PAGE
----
Through these two programmes, we believe that we can make the following changes necessary to achieve our goal of creating a society, where all AIDS orphans can increase self-determination and self-realisation. 

  • The ability to attend school
  • The ability to plan their future
  • To feel value in themselves
  • To have a healthy life
  •    
  •    

Our achievements

We have supported...

3,147
children
685
single mother families
26,925
individuals through education
26,925
individuals through education

Five things PLAS values in the field

PLAS develops its activities in the field based on the policy of 'building' support rather than 'giving' support.

  1. We work with partner organisations to maximise the results of our projects.
  2. We encourage the independence and growth of our partner organisations.
  3. We build on each other's strengths and encourage problem-solving by local people.
  4. We aim for a partnership of equals and mutual respect for each other's wishes.
  5. We strive for our own development for better project implementation with our partners.


The history of our work

Positive Living
 through
AIDS orphan Support

We are a NGO for AIDS Orphans, founded by 7 Japanese university students in 2005. 
When our team visited Africa, they felt a strong duty to change the living conditions of the AIDS orphans that they had met, who were poor and discriminated. 
They therefore established PLAS, to help create a society where HIV positive people can feel positive about their future, and the supporters can also feel positively about their own lives through their work.
This is why our organisation is called PLAS; or ‘Positive Living through AIDS Orphan Support’.With such belief in our mind, we have been working for the AIDS orphans in Uganda and Kenya, through various challenges and developments along our journey.

2005-2009: School programmes for AIDS orphans

At the time when PLAS was founded, many AIDS orphans were prohibited from attending some public schools, due to severe social stigma. Thus, it was our first project to establish schools for such AIDS orphans, and also provide support in the operation of the schools. We were able to support 3 schools and build 11 buildings. Moreover, we have achieved to create a school that is used as a model school for AIDS orphans today.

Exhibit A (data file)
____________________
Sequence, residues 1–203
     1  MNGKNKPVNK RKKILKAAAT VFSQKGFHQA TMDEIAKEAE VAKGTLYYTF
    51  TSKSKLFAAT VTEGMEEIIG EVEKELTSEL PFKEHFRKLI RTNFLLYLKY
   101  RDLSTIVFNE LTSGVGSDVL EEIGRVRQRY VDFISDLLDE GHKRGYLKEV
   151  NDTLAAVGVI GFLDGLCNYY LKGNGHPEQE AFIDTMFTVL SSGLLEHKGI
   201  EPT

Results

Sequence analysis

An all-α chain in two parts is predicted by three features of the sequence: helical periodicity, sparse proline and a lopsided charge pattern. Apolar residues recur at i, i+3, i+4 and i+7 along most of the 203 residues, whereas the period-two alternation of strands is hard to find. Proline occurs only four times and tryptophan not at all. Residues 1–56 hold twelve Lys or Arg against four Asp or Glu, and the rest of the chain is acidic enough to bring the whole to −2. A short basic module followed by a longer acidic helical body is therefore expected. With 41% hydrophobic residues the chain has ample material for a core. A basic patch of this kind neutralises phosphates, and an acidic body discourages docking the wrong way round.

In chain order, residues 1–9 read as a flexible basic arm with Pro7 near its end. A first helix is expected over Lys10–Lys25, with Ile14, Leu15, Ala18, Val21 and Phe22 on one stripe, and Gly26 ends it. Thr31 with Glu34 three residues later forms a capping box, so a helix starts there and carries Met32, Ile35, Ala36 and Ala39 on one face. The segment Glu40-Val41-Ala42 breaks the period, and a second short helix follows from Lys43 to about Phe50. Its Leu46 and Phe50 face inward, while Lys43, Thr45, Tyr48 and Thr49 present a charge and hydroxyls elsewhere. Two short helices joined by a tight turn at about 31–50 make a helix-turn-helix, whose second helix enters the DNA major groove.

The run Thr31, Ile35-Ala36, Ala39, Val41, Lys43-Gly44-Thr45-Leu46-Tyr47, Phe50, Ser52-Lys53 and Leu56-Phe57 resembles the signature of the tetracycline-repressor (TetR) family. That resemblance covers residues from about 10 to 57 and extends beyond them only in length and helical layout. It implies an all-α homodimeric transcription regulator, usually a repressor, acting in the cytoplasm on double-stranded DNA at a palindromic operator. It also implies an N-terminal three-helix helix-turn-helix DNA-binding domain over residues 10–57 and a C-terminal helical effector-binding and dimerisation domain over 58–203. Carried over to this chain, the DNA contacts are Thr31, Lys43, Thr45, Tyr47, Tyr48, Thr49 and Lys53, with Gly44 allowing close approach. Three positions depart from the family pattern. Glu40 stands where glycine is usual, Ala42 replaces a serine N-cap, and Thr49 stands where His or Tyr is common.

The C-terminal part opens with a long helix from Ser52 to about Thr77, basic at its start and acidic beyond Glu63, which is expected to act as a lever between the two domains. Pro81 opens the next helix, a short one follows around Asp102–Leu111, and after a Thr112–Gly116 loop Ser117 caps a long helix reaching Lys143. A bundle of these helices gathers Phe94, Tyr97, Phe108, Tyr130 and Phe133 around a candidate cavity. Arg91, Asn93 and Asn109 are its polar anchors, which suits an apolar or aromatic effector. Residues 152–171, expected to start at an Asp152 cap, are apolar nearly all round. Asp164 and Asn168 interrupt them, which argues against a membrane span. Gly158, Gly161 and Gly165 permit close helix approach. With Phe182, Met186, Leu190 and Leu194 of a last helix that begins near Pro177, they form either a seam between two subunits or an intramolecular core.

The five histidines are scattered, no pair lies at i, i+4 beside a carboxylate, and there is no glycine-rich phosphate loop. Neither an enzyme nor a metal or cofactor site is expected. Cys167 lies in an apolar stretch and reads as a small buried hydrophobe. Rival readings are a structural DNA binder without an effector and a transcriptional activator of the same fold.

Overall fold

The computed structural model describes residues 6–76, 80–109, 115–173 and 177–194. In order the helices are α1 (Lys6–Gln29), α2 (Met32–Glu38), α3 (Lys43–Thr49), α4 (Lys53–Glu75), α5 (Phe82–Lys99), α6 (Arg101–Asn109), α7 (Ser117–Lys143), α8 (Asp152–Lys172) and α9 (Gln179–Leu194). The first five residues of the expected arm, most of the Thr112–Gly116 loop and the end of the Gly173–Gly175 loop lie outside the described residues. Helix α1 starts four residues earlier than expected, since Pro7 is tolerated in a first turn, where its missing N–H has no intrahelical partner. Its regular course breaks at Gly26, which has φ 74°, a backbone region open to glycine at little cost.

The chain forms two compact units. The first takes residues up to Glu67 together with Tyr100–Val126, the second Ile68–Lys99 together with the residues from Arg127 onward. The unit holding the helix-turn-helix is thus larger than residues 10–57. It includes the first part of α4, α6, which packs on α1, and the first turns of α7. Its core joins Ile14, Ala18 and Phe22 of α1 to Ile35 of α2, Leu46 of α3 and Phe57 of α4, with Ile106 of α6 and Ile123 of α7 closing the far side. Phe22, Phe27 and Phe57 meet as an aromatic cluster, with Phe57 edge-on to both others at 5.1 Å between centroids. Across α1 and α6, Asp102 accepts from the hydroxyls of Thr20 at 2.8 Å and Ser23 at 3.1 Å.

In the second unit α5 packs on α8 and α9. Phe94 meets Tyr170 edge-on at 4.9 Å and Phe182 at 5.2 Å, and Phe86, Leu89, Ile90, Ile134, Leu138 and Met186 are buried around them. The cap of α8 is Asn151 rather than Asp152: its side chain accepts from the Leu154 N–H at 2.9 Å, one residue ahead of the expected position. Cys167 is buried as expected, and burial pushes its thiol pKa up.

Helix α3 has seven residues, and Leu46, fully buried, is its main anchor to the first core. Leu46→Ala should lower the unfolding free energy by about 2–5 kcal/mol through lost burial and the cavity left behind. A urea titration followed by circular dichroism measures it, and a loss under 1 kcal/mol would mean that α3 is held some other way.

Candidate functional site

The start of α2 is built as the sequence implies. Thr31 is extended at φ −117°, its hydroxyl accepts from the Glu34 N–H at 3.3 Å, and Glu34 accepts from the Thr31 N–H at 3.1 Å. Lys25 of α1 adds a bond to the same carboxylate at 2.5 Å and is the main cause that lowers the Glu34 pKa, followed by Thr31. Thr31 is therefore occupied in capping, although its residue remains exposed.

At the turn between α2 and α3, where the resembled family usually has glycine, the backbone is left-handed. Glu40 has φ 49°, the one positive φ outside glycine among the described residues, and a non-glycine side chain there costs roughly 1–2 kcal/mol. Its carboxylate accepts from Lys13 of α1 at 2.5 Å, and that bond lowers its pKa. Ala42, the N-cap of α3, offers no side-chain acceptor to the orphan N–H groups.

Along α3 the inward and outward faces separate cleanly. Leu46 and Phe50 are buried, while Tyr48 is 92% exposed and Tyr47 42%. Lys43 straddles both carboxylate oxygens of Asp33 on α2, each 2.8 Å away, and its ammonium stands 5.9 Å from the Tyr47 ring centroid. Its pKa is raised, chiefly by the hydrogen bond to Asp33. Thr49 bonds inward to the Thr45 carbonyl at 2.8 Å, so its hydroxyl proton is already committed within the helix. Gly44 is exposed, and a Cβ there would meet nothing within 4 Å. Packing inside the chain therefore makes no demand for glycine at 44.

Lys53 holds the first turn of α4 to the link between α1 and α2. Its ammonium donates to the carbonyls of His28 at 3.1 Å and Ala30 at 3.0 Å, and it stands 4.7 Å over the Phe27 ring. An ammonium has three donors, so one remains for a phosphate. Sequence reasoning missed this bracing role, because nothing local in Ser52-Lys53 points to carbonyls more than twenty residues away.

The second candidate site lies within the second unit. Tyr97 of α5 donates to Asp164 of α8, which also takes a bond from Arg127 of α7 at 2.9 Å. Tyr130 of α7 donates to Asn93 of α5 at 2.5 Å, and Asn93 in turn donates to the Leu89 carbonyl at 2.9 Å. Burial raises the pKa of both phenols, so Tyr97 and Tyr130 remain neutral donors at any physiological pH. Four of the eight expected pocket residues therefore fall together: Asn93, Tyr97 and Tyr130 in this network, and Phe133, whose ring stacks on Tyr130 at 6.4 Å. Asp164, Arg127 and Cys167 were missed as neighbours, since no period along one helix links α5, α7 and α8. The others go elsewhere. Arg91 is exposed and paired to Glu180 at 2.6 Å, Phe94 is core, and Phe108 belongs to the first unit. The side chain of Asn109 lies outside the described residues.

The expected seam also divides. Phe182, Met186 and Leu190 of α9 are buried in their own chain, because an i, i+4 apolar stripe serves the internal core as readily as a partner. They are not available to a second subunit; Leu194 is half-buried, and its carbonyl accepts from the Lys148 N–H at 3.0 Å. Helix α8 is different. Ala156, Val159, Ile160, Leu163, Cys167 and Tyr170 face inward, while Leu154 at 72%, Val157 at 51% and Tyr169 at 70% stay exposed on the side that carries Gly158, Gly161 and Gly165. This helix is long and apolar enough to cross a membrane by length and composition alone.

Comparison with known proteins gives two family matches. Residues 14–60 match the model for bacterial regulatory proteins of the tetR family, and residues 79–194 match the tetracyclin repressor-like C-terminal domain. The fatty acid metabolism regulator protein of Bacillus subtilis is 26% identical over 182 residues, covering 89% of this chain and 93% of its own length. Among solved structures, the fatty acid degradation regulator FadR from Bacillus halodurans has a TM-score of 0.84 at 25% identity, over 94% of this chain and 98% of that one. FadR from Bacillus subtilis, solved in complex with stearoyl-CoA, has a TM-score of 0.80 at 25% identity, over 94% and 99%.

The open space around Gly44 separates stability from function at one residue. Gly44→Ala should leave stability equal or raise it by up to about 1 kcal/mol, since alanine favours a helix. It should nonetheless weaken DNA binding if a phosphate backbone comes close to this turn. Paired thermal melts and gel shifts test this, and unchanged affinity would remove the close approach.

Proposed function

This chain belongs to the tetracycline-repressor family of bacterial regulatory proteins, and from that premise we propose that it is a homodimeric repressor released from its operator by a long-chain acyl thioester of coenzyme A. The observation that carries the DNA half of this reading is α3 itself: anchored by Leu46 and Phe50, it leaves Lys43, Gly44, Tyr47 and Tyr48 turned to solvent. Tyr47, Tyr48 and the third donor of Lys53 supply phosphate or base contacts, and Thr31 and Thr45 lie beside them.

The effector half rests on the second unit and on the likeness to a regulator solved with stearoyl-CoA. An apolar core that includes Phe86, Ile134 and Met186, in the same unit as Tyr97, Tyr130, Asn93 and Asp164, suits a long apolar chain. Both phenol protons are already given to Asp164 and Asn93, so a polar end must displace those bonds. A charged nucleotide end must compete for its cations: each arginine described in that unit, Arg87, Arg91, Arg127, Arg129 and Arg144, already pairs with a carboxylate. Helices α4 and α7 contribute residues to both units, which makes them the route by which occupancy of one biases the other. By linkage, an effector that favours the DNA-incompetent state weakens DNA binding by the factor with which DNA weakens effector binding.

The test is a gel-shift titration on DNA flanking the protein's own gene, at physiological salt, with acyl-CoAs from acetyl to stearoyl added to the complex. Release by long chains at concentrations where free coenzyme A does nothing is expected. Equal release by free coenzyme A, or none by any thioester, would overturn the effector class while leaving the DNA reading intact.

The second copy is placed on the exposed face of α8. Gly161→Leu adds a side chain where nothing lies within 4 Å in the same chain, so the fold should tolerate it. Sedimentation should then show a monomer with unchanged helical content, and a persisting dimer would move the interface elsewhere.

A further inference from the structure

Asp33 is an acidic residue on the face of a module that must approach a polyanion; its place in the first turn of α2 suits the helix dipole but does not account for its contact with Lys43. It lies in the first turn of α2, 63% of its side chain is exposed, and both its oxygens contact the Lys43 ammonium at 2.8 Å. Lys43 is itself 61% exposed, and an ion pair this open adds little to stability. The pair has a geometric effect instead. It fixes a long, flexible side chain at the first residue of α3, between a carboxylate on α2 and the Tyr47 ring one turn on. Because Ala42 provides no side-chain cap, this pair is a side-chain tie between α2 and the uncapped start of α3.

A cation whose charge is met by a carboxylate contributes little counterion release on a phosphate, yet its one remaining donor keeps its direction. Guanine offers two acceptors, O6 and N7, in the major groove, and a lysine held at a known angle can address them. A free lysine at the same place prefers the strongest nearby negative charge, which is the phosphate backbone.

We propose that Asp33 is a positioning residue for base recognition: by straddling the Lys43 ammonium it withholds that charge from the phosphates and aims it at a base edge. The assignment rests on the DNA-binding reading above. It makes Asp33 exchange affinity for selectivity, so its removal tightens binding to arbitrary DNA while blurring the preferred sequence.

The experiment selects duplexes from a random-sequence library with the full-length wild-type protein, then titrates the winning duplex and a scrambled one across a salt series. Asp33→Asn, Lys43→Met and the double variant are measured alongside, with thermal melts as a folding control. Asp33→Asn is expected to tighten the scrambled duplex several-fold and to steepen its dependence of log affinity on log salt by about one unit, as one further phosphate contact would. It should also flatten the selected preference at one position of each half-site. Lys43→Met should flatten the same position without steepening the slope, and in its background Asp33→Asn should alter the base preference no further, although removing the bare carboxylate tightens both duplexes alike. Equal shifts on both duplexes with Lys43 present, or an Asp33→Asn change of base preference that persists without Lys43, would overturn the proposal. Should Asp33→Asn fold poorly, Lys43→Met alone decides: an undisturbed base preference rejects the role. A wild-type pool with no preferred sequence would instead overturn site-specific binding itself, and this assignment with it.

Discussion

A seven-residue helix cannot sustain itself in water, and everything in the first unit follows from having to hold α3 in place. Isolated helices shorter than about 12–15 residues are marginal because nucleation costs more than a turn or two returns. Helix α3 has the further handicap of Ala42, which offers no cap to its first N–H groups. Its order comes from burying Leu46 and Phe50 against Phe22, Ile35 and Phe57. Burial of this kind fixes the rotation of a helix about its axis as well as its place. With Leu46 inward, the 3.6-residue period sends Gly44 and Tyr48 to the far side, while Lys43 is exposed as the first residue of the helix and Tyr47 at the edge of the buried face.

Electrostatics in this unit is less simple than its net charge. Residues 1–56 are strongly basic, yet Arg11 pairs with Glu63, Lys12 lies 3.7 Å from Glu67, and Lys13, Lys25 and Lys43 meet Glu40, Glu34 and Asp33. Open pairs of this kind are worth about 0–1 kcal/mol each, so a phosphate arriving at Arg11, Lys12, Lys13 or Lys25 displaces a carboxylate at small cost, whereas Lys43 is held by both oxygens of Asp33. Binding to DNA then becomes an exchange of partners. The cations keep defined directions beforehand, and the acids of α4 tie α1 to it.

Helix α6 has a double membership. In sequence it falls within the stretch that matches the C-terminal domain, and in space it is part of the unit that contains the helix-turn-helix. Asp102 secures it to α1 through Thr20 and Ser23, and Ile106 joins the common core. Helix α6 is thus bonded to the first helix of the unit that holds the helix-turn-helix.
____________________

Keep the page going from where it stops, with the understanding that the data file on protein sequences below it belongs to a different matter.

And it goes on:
2010-2014: Educational programmes on the prevention of maternal-fetal transmission of AIDS

By this time, multiple educational programmes on AIDS were running in Uganda and Kenya. However, no programmes provided information on the prevention of maternal-fetal transmission. We saw that, by running such programmes, we could prevent the cycle of transmission. As a result, we educated around 20,000 individuals, and the number of a proper delivery of infants at medical faculties increased by 2.5 times, whilst improvements could not be measured anywhere else in which PLAS did not provide the programme.

2015- today: Livlihood Improvement Approach and Life Planning Support Programme

Today, there are more international organisation providing programmes on the education of maternal-fetal infection prevention. Thus, we have shifted our focus on issues that are yet to be covered by such actors, which is supporting the financial and psychological struggles of AIDS orphans and the single parents. Moreover, since 2018, we are introducing programmes to support young HIV patients, to help them gain skills to sustain their living, and since 2020, we are expanding our support to all vulnerable children and single parents, not just AIDS orphans.

How we ensure sustainable projects

Although we work for the AIDS orphans in Kenya and Uganda, our office is in Japan and only Japan.

This is a choice we have made according to our policy: support through 'creation' not 'provision'

We adopt a bottom-up appproach, finding and creating solutions together with local NGOs which know their people the best, rather than 'providing' a one-size-fits-all solution.

Moreover, this allows us to have equal leadership roles where the Japanese staff have no overarching power, which we believe is a way to maximise each party’s strengths.

‘For the positive living of everyone, regardless of the circumstances that they were born in’. 

With this in our mind,  we work everyday, from the far away land of Japan, to create a society where AIDS orphans can increase self-determination and self-realisation. No matter where we are, and no matter how little it may be, we can make a difference to the future of AIDS orphans. 

We would love for you to join, in making this difference.